The fine line between right and wrong
When searching for that one special person to spend the rest of your life with, there are certain characteristics you look for.
A sense of humor is a must. The person should also be ambitious and somewhat intelligent. But above all, he or she should be of good moral character.
I've always made it a point to seek out people who are just a little better than I am in all of those categories, giving me something to strive toward. What better way to improve yourself than to have someone pushing you in the right direction?
I thought I had found all of that with my husband. During the 10 years I have known him, he has always been the one person I could count on to take the high road. If a cashier gave us back too much change, he would be the first to point it out. If he borrowed something from a friend, he returned it in the same condition.
Too good to be true? Apparently so.
I recently found out that my husband is a thief.
That's right, for the past two months, he has been stealing music over the Internet.
It seems he has been caught up in the Napster craze that has turned so many good people bad over the past couple of years.
For those who don't know, Napster is an Internet site that provides a means for people to log on and share their music files. In other words, it allows users to download copyrighted music for free.
It's stealing, plain and simple.
The Napster folks and the recording industry have been fighting it out in court since the site began in January of 1999. According to Napster, they don't participate in the transfer of files; they simply provide the technology for users to do so. According to the record industry, the site is guilty of aiding and abetting the music thieves.
A judge recently ruled in favor of the record industry, and ordered Napster to install software that would prohibit the downloading of copyrighted material.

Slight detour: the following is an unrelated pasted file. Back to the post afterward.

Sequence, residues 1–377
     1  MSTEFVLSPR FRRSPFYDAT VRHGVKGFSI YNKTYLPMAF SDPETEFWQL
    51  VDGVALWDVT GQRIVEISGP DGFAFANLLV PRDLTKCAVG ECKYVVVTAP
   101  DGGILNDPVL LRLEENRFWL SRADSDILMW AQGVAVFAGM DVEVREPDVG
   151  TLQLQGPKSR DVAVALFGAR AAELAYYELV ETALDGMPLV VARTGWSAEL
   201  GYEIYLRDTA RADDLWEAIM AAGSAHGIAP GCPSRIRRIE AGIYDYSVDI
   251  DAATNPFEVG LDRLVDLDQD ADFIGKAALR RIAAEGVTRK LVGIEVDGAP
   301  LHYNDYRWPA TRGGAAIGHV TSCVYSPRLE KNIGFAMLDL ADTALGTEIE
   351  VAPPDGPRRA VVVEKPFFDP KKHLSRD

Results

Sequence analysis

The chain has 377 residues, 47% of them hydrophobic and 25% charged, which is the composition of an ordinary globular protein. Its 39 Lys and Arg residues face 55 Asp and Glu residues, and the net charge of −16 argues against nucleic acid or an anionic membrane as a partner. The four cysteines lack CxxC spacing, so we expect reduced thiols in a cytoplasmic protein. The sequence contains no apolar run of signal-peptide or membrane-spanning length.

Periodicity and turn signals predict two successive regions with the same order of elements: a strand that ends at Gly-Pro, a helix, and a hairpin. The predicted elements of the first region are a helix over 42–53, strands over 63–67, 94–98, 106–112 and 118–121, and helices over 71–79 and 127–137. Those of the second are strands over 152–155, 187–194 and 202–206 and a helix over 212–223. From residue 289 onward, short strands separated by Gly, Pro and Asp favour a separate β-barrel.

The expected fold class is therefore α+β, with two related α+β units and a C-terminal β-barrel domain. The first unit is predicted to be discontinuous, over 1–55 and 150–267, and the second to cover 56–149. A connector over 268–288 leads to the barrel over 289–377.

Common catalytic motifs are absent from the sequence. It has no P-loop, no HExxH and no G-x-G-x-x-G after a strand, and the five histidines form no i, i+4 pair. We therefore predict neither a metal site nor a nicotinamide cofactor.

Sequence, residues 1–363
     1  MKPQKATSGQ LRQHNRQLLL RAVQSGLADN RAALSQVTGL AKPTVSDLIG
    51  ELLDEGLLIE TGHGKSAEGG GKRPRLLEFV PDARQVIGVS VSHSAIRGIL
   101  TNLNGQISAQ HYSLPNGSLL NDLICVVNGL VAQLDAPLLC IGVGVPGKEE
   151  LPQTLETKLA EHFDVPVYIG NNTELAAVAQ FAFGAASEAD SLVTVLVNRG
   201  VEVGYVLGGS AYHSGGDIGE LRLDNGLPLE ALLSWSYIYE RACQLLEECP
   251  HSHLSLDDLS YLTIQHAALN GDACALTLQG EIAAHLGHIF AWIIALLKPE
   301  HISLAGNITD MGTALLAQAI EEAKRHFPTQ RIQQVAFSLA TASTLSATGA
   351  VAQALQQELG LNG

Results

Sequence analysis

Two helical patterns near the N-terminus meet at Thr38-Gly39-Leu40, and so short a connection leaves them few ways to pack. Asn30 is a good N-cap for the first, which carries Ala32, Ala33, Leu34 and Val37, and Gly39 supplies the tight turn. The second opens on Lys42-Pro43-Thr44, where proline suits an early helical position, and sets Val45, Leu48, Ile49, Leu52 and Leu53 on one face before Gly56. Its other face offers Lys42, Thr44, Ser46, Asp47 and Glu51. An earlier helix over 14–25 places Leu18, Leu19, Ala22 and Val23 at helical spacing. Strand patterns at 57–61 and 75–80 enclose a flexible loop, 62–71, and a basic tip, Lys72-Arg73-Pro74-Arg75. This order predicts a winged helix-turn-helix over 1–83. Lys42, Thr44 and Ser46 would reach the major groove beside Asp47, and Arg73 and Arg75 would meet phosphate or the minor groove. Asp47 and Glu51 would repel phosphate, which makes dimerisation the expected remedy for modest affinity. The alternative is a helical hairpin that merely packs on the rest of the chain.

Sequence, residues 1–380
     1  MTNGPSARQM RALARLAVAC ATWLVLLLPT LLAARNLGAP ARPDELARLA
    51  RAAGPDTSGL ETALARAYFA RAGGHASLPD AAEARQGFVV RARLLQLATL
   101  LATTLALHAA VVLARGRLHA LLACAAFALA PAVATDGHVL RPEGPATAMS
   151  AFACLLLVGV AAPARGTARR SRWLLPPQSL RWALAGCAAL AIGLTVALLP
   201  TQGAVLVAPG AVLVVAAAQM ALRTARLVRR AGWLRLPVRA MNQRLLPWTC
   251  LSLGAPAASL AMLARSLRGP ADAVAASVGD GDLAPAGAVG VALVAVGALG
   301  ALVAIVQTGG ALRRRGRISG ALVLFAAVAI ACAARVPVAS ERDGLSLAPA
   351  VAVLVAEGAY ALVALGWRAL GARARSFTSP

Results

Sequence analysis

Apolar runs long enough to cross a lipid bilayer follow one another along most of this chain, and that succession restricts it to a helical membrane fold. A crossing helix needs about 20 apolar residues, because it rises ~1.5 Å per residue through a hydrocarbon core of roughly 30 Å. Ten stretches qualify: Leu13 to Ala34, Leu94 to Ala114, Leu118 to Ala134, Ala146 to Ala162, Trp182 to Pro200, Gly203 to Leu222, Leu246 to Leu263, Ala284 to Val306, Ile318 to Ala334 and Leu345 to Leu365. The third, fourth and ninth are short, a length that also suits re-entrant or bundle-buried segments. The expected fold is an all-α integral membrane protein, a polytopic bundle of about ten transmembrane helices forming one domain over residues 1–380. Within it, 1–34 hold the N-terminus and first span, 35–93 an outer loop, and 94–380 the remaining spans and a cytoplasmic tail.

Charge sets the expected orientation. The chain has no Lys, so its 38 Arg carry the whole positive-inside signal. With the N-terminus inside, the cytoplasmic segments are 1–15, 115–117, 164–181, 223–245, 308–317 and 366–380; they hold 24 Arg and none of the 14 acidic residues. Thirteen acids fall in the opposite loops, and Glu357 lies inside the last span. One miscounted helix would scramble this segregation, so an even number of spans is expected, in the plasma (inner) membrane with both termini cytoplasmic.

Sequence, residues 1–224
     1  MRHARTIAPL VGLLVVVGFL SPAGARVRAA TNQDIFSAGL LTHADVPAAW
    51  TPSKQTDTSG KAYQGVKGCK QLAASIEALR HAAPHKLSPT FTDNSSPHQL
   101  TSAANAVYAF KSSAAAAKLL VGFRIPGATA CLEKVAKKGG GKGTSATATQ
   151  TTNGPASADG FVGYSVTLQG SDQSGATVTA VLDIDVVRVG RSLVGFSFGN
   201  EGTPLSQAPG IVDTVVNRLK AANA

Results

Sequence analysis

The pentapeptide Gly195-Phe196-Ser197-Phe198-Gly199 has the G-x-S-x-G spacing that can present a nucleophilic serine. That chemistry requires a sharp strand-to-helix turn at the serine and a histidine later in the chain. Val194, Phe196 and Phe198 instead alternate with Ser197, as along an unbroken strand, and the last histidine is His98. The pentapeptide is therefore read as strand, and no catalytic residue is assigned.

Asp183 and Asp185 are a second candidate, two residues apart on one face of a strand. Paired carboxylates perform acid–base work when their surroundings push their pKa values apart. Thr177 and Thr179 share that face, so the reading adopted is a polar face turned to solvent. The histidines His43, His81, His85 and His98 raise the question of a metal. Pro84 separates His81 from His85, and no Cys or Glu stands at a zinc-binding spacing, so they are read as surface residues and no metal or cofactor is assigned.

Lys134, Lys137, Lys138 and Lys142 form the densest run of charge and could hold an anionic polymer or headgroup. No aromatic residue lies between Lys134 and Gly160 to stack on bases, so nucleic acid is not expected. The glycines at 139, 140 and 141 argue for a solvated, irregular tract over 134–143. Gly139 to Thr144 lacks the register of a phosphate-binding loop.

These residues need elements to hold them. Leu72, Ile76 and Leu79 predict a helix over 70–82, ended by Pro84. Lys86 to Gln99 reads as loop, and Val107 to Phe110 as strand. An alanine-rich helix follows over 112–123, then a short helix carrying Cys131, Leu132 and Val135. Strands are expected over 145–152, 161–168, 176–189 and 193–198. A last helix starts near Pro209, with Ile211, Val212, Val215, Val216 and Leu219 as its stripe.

In the meantime, millions of music thieves have flooded the site, trying to get all of the ill-gotten booty they can before the change is made.
The issue has divided my household. Chris (the aforementioned thief) has a thousand arguments, or as I call them, rationalizations, for why it is not wrong.
First of all, he says, the site simply allows him and other music fans the opportunity to sample music before buying. It allows them to find new bands they may never have otherwise heard, therefore actually increasing record sales.
That argument could be valid were it not for the fact that he has downloaded hundreds of songs in the past couple of months and has yet to purchase a new CD.
Second, he says, the record industry has been overcharging the public for too long and he and his fellow band of thieves are heading up a revolution. Technology has finally caught up with them, he says, and they now have to re-think the way they do business.
It doesn't take a genius to figure out the flaw of that logic. The record industry has made a hefty profit over the years, no question. But the fact remains that we live in a society driven by supply and demand. The record companies, like all other successful businesses, charge exactly what the public is willing to pay.
Finally, my husband argues, Napster allows people to find music that is not available in stores.
When it gets right down to it, that may be my biggest complaint about the site. Even in my worst nightmare, I never imagined there would be six versions of the Spiderman theme song.